In late August 2014, Ryerson, MMB's sales manager, contacted Manzano to ask O & J to complete the project. This was between the time Manzano pleaded guilty to the federal charges and the time he reported to prison. According to Manzano, he told Ryerson he would get a crew to complete the job but he could not do it himself because he could not go to Randolph due to travel restrictions as a result of his criminal proceedings. Ryerson stated he believed O & J was going to do the job. Ryerson stated there was no discussion about O & J hiring a subcontractor to put up the grain bins in Randolph. Ryerson told other MMB employees "Juan's crew" was going to put up the grain bins.

         Ryerson created a subcontractor agreement between MMB and O & J, dated September 2, 2014, for the Randolph job, similar to contracts the parties had for other projects. Ryerson stated he left the contract at the MMB office for Manzano to sign and Manzano picked up the contract and took it with him. Manzano stated he was not presented with a subcontractor agreement before the accident. No parties have produced a signed copy of a subcontractor agreement between MMB and O & J for the Randolph job.

         O & J states it entered into a written subcontractor agreement with Garcia Grain, owned by Garcia, to perform work at the Randolph job site. Lechuga raises concerns about the validity of the written subcontractor agreement between O & J and Garcia Grain because there are two copies of the agreement; Lechuga claims Garcia's signatures on the two documents do not match. Lechuga claims the written subcontractor agreement may have been signed and dated at a later time in an effort to protect O & J and Manzano from liability in this action. The contract provided, "The Subcontractor shall make all decisions associated with how they wish to perform the terms of the Contract and shall be responsible to determine who, where and the length of the employment of any people hired by the Subcontractor."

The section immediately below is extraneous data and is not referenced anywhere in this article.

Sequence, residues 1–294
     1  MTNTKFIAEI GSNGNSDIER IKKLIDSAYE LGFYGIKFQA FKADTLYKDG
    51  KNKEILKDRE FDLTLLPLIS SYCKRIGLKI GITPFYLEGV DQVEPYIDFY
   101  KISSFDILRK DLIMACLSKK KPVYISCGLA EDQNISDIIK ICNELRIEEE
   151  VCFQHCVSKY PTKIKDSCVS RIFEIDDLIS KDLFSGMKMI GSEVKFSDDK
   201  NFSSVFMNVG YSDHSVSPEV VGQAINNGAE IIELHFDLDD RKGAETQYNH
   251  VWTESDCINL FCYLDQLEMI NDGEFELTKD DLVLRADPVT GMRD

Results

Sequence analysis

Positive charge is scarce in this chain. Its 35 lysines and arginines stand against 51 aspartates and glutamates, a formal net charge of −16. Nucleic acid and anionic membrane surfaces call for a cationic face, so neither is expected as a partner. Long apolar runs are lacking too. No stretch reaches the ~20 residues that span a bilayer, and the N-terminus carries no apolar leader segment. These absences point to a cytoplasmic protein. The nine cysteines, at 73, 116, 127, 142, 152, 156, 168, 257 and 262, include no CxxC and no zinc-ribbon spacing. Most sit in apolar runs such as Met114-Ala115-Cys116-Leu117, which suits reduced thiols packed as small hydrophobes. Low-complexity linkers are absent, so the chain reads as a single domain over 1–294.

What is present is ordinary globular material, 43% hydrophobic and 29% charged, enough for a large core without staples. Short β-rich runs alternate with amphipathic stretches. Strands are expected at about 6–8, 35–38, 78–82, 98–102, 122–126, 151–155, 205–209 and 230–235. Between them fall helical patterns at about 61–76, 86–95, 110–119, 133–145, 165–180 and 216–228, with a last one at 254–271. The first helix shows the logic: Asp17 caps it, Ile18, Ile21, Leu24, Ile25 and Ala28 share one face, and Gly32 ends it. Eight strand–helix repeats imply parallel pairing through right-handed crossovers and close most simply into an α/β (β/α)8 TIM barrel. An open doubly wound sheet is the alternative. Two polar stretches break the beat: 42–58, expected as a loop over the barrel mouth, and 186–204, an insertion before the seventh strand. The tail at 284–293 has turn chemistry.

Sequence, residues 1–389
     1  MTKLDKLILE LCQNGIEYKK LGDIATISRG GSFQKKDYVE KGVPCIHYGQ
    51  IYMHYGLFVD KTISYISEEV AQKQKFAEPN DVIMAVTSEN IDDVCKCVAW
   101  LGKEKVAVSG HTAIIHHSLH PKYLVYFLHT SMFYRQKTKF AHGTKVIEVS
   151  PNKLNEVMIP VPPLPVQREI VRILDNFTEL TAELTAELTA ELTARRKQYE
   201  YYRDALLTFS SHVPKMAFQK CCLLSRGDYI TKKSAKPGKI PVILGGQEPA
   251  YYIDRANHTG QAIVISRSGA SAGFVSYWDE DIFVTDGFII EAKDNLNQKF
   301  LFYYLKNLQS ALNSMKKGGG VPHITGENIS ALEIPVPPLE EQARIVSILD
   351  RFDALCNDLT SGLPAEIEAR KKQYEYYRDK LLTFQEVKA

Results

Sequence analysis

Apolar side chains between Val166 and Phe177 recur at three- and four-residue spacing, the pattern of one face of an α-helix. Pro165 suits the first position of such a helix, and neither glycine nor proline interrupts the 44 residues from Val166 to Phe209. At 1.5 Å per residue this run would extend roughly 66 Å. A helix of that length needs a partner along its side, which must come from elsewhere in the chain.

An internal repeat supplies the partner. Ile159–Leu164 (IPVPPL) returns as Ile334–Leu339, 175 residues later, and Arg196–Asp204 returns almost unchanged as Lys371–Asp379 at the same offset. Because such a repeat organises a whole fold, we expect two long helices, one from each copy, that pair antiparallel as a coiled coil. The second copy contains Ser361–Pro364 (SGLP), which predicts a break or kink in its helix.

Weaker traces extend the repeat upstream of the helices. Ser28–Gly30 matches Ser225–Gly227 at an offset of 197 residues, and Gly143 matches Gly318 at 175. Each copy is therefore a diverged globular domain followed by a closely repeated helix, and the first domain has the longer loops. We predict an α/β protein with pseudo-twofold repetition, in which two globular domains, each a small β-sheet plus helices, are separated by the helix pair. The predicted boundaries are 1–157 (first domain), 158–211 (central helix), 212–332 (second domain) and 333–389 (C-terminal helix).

O & J did not inform MMB it was using Garcia Grain as a subcontractor. MMB required all of its subcontractors to submit a certificate showing they had workers' compensation insurance. Ryerson stated because MMB was unaware of a subcontractor agreement between O & J and Garcia Grain, it did not obtain an insurance certificate ...